Belfast Boxing Club offers free fitness classes to male victims of domestic violence

A boxing club in east Belfast is offering fitness classes focused on men who have been victims of domestic violence to encourage men to talk more about their experiences.

A survey of 60 respondents by the Men’s Alliance NI domestic violence charity found that more than 80% identified depression as a direct consequence of domestic violence. Over 70% said they also suffer from anxiety, and 46% said they had suicidal thoughts.

“This is a situation where we really need to help since there are so few men in abusive relationships and many of them feel that this is not something that happens to other men,” said Carey Baxter, chairman of the charity.

“The opportunity offered by the City of Belfast Boxing Academy (CBBA) is a valuable way to help these men on their journey to recovery as they transition from victim to survivor.”

The CBBA coaches hope that by allowing the Men’s Alliance to host special weekly sessions at the club, victims and survivors can improve their mental health, connect and share similar encounters with each other.

Of the 30,000 police reports of domestic incidents between 2019 and 2020, more than a third were from men.

Mr. Baxter said the Men’s Alliance “believes that conversations about domestic violence should not be segregated by gender.” He said: “Our position is to provide any victim of domestic violence, male or female, with help and support at the moment when it is most needed.”

One man whom Men’s Alliance NI helped had previously attempted suicide due to his deteriorating mental health due to past experiences of coercive control and emotional abuse by his ex-wife.

Ian, not his real name, told the Belfast Telegraph about the “difficulties and lack of help for men” in situations like his.

“I was very active in trying to get help and I suppose I was lucky that I could afford to pay for help, but I was on the waiting lists – almost impossible to see – and for a suicidal person. to be put on a waiting list for at least six months, I don’t need to explain it.”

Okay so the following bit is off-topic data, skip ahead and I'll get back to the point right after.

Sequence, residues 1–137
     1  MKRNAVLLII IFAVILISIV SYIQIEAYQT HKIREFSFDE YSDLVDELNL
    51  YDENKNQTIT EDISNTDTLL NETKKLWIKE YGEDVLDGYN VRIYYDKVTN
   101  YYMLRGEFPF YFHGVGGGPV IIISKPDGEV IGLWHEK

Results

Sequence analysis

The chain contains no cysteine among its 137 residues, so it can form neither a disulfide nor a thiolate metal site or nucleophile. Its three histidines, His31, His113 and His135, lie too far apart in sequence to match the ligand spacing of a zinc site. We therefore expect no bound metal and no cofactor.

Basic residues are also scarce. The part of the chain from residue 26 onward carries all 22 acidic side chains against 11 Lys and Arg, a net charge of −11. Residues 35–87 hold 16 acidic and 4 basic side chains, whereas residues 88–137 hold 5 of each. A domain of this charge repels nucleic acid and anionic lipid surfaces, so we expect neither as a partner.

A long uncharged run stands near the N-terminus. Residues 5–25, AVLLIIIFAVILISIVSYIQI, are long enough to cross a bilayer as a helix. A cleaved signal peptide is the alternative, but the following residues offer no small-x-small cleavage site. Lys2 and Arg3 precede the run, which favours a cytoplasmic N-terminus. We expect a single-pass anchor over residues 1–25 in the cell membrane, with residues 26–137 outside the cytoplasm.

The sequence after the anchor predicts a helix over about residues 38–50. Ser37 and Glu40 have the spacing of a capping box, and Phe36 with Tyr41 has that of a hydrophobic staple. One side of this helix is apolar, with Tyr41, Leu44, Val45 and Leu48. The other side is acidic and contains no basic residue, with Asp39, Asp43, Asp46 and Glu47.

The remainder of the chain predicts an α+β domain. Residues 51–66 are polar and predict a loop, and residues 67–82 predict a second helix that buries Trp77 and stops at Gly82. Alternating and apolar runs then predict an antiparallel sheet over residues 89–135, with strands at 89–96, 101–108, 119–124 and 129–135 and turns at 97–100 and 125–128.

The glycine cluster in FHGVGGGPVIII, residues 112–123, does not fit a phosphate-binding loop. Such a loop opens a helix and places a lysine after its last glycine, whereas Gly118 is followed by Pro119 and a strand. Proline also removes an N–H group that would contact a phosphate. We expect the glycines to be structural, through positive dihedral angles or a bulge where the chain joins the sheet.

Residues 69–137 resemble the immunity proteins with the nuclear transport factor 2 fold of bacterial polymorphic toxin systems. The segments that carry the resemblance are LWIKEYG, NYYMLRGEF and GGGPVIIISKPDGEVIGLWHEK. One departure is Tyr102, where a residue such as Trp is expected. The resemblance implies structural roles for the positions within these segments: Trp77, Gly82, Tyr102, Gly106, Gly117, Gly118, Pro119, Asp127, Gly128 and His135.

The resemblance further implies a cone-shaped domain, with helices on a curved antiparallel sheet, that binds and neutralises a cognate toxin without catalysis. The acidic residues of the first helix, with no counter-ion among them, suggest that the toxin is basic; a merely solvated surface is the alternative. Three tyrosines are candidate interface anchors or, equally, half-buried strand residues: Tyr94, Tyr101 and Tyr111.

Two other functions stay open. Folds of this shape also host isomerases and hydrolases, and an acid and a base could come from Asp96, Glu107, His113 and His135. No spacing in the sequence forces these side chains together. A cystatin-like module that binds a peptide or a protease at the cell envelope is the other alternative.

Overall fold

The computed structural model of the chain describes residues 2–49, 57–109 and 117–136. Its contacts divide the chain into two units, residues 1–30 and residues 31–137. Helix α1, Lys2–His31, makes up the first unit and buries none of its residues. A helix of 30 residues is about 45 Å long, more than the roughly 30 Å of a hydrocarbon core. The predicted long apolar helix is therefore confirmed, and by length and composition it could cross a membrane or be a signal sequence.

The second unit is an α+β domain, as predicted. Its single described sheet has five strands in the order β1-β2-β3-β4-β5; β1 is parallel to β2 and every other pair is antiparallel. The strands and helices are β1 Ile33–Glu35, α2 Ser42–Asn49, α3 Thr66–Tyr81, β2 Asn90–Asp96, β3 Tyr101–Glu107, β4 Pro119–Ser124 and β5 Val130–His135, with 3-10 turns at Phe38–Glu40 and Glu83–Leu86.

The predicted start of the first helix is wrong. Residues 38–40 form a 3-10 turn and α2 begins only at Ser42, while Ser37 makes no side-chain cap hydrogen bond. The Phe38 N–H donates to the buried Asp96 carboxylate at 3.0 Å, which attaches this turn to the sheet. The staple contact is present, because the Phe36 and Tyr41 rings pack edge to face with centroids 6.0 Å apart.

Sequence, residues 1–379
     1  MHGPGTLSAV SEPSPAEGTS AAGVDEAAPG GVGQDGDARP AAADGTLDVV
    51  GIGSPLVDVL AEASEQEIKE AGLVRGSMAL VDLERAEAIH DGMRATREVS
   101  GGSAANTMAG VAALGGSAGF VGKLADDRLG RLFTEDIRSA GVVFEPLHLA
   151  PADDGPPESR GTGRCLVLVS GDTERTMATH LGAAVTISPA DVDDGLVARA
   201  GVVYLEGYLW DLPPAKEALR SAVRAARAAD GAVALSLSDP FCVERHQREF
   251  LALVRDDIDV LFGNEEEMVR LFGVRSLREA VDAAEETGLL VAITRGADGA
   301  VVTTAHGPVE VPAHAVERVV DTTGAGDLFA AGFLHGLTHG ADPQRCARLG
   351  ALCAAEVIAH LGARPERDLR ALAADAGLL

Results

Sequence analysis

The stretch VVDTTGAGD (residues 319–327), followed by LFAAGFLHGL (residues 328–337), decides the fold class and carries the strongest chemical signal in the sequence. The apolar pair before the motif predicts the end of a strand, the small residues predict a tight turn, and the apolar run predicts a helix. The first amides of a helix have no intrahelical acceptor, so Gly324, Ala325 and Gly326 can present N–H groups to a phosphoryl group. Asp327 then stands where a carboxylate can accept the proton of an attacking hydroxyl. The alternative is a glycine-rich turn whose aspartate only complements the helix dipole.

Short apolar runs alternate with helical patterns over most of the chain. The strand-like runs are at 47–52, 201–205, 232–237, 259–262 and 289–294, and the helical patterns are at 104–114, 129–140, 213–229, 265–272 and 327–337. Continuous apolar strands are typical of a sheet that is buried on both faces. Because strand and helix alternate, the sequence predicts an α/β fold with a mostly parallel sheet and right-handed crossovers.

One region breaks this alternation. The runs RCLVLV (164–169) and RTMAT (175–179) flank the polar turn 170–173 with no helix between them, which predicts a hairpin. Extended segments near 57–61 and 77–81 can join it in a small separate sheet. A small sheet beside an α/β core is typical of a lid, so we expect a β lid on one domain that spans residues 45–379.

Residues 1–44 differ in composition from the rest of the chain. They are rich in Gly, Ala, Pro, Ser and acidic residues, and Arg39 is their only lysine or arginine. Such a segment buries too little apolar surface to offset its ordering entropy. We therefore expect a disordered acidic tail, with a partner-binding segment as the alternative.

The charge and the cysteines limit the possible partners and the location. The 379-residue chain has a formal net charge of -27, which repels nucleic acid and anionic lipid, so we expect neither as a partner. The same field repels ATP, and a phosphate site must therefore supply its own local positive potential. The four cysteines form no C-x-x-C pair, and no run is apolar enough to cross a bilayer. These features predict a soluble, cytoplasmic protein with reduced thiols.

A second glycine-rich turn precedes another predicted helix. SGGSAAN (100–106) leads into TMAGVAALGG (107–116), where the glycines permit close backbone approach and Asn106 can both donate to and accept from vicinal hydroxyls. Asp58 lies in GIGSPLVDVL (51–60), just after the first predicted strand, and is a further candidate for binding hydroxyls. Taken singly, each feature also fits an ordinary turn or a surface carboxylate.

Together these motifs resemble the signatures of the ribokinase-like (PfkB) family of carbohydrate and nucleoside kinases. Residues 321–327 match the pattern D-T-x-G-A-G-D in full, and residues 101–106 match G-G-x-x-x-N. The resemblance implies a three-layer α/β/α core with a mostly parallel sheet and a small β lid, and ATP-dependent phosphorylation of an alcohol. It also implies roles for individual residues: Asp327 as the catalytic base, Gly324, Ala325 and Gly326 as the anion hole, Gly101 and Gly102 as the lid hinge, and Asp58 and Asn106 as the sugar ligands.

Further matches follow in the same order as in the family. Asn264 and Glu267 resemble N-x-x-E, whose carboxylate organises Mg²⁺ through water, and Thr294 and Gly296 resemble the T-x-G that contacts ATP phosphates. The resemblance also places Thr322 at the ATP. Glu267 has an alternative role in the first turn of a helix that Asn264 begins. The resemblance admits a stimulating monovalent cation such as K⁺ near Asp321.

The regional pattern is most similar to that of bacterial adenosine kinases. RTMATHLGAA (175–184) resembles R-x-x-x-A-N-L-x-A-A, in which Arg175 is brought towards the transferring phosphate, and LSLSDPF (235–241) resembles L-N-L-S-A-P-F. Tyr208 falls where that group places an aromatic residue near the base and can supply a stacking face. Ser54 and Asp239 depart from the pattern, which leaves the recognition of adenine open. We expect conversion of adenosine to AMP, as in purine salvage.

He added that only now, years after the end of the relationship, he realizes how serious the abuse he faced was.

“I am still stunned by the way she treated me. I understood it more when I left. I really don’t know how I got through it all.”

After reading Emotionally Abusive Relationships by Beverly Engel, Yang said he was “shocked to the core” because he felt it described his life.

“It explained everything about gaslighting, projection, coercive behavior, narcissism — them [the abuser] making you doubt yourself. It really was a turning point for me because it explained what it was all about,” he said.

Earlier this month, Hollywood actor Johnny Depp won a multimillion-dollar US lawsuit against his ex-wife Amber Heard after a jury ruled that a 2018 Washington Post article in which she claimed she was a victim of domestic violence was libelous.

The case shed light on both men and women who were victims of domestic violence.

During the trial, Depp revealed that he himself had experienced domestic violence.

Since the case ended, many male victims have spoken out about their experiences with abusive partners, and they believe this is a key moment in helping to end the stigmatization of men who speak up.

Although Yang said he’s only heard “bits and pieces” of the lawsuit, he too thinks the public’s attention to the case will shed light on male victims of domestic violence—for the better. In an attempt to offer advice to those who might be interested in his story, he added: “You can’t advise people to end their marriage, but they should understand that if they behave like this, then they are dealing with a narcissist. This will never change.”

Yang also encouraged all male victims of domestic violence to contact Men’s Alliance NI on their website and Facebook page @MANiSupportGroupNI, which has over 1,100 members from across NI.

Those who are interested can attend the new weekly classes at CBBA from 7:30 pm every Thursday night.